FBI Head to Face Congress Over Clinton E-Mail Investigation

WASHINGTON (AP) -
House Speaker Paul Ryan of Wis., flanked by House Majority Whip Steve Scalise of La., left, and Rep. Lee Zeldin R-N.Y., right, tells reporters it looks like Hillary Clinton got preferential treatment from the FBI in its investigation of the former secretary of state's use of a private email server for government business, during a news conference at Republican National Committee Headquarters on Capitol Hill in Washington, Wednesday, July 6, 2016. He said there are a number of outstanding questions about the FBI inquiry. Director James Comey will be testifying Thursday before the House Oversight committee, and the House Judiciary panel has scheduled a hearing next week with Attorney General Loretta Lynch. (AP Photo/J. Scott Applewhite)
House Speaker Paul Ryan of Wis., flanked by House Majority Whip Steve Scalise of La. (L.) and Rep. Lee Zeldin R-N.Y. (R.), tells reporters it looks like Hillary Clinton got preferential treatment from the FBI in its investigation of her use of a private e-mail server for government business, during a news conference at Republican National Committee Headquarters on Capitol Hill in Washington, Wednesday. (AP Photo/J. Scott Applewhite)

FBI Director James Comey is set to make his first appearance before Congress since announcing the agency’s recommendation to not prosecute Hillary Clinton over her private e-mail setup.

Comey will field questions Thursday from the House Oversight and Government Reform Committee about an FBI announcement that dispersed the threat of criminal charges but also revived public scrutiny of Clinton’s handling of classified information.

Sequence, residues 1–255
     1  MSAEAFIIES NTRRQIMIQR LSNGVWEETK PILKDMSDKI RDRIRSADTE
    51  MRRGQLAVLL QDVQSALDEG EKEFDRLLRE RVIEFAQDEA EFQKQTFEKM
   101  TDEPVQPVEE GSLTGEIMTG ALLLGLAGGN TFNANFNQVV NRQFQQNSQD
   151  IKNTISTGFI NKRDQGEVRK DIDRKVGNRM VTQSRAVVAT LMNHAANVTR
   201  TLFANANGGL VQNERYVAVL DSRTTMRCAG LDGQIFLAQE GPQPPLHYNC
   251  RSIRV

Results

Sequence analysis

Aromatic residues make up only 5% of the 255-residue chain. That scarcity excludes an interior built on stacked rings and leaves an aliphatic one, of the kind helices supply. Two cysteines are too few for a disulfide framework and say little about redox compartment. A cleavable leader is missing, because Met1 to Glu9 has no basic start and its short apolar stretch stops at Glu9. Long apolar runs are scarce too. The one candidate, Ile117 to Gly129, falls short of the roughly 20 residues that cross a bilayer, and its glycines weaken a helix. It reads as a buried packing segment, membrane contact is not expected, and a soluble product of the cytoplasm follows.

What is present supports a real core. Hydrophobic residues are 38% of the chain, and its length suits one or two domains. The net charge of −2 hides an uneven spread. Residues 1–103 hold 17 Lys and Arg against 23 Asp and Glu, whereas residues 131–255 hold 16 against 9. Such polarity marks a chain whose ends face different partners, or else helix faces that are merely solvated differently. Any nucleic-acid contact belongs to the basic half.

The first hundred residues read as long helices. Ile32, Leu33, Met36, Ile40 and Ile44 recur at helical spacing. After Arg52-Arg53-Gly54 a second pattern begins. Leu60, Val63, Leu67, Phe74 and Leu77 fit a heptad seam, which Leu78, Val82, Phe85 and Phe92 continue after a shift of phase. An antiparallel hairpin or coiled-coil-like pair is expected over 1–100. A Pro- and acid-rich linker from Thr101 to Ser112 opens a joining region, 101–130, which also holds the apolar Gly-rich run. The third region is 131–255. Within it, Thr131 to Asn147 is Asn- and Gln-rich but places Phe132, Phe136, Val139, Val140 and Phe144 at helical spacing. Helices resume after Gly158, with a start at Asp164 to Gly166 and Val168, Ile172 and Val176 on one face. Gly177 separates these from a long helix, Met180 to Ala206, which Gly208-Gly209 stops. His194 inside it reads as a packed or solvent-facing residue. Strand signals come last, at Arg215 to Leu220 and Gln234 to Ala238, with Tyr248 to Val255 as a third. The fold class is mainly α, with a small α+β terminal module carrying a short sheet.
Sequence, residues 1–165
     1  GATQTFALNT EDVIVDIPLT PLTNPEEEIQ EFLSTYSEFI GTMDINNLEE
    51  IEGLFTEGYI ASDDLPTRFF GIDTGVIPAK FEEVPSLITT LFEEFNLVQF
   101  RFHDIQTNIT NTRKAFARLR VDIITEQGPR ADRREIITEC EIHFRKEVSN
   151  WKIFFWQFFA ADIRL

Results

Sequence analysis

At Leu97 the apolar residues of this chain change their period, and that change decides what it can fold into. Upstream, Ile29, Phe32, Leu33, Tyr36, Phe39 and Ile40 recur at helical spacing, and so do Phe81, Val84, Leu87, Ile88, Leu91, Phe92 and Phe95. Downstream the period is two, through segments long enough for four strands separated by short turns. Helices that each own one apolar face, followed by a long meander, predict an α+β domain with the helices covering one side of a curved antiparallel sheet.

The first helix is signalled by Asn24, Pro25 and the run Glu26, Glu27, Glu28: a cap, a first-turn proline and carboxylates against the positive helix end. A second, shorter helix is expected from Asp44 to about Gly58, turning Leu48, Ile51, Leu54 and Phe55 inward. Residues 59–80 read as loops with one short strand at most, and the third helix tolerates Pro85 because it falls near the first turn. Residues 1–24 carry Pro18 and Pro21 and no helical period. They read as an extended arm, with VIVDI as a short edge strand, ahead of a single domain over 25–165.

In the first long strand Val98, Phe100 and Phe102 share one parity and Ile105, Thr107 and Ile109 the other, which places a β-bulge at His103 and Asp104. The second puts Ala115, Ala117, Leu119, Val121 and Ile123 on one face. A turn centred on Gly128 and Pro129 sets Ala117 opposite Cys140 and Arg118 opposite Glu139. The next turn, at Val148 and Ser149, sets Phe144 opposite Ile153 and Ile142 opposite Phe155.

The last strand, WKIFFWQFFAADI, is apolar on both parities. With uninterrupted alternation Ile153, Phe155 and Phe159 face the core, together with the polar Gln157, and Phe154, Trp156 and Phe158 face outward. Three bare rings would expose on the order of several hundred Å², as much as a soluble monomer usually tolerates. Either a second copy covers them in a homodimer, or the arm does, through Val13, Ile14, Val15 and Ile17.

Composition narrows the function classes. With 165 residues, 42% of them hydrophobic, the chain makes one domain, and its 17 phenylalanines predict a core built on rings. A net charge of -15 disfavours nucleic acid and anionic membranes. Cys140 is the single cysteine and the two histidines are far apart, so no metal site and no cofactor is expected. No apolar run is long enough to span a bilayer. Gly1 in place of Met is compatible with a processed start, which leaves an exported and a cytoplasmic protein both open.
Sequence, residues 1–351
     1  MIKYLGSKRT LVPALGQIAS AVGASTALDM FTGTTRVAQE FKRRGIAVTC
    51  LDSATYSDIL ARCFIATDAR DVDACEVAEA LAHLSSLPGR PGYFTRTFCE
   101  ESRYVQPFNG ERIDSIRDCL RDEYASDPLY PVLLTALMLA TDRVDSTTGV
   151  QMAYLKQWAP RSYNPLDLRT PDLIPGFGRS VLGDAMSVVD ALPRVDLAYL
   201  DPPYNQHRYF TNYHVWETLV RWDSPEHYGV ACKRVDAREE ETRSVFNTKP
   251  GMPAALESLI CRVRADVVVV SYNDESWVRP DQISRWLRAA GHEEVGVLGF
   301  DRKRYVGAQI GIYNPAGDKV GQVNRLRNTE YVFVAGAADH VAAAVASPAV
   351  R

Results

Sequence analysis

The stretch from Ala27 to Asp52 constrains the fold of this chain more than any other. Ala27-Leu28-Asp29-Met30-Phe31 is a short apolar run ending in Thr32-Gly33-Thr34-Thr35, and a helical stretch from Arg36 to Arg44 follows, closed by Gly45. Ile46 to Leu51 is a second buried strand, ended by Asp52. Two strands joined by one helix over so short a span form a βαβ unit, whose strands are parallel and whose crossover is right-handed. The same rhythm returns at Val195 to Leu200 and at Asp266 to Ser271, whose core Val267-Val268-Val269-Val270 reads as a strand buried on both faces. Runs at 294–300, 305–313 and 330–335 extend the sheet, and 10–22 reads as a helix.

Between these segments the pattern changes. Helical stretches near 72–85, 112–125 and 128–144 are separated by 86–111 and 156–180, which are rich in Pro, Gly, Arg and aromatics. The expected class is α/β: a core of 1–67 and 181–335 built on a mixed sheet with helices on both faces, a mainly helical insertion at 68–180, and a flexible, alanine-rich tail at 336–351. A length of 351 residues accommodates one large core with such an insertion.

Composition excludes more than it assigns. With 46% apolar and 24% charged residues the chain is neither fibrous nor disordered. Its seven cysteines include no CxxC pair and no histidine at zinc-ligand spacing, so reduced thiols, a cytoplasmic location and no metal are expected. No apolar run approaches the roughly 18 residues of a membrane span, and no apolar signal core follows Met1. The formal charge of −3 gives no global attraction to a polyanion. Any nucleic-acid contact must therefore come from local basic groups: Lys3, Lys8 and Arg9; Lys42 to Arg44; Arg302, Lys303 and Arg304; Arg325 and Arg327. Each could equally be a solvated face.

Attorney General Loretta Lynch said Wednesday that she accepted the recommendations and findings of Comey and of her career prosecutors and would not file charges against Clinton. Lynch is likely to face questions of her own next week at a separate oversight hearing of the House Judiciary Committee.

Comey’s decision, and the way he delivered it, infuriated Republicans who felt that the FBI director, in his unusually detailed and critical televised statement Tuesday, had laid out a sufficient basis for prosecution.

“The FBI’s recommendation is surprising and confusing. The fact pattern presented by Director Comey makes clear Secretary Clinton violated the law,” said House oversight committee chairman Jason Chaffetz, a Utah Republican. “Individuals who intentionally skirt the law must be held accountable.”

House Speaker Paul Ryan has also said that “there are a lot more questions that need to be answered” and that Clinton should be barred from receiving classified briefings in the course of the campaign. Republican presidential candidate Donald Trump complained that the system was “rigged.”

In a stinging assessment of her e-mail practices as secretary of state, Comey rebuked Clinton and her aides for being “extremely careless” in their handling of classified information and contradicted many of the defenses and explanations she’s put forward for months. But he also said there was no evidence anyone willfully or intentionally mishandled classified information and that “no reasonable prosecutor” would pursue such a case.

Comey, who served as deputy attorney general in the George W. Bush administration, was appointed in 2013 to a 10-year term as FBI director by President Barack Obama.